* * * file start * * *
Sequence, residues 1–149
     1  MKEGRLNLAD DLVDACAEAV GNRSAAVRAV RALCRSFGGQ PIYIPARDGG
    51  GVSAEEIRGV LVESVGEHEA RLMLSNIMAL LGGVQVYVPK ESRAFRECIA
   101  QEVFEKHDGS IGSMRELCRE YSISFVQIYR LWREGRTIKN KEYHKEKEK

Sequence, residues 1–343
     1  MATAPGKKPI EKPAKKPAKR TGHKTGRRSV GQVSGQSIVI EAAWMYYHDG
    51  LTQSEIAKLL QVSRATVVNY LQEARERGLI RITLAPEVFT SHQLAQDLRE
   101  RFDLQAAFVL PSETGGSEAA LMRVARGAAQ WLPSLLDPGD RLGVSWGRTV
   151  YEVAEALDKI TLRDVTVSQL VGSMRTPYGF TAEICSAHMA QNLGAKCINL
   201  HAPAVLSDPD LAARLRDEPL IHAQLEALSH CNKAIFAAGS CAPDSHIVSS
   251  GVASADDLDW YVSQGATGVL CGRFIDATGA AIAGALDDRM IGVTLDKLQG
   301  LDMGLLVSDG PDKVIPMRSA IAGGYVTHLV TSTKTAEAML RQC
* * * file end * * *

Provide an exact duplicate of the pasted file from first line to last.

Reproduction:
Sequence, residues 1–149
     1  MKEGRLNLAD DLVDACAEAV GNRSAAVRAV RALCRSFGGQ PIYIPARDGG
    51  GVSAEEIRGV LVESVGEHEA RLMLSNIMAL LGGVQVYVPK ESRAFRECIA
   101  QEVFEKHDGS IGSMRELCRE YSISFVQIYR LWREGRTIKN KEYHKEKEK

Sequence, residues 1–343
     1  MATAPGKKPI EKPAKKPAKR TGHKTGRRSV GQVSGQSIVI EAAWMYYHDG
    51  LTQSEIAKLL QVSRATVVNY LQEARERGLI RITLAPEVFT SHQLAQDLRE
   101  RFDLQAAFVL PSETGGSEAA LMRVARGAAQ WLPSLLDPGD RLGVSWGRTV
   151  YEVAEALDKI TLRDVTVSQL VGSMRTPYGF TAEICSAHMA QNLGAKCINL
   201  HAPAVLSDPD LAARLRDEPL IHAQLEALSH CNKAIFAAGS CAPDSHIVSS
   251  GVASADDLDW YVSQGATGVL CGRFIDATGA AIAGALDDRM IGVTLDKLQG
   301  LDMGLLVSDG PDKVIPMRSA IAGGYVTHLV TSTKTAEAML RQC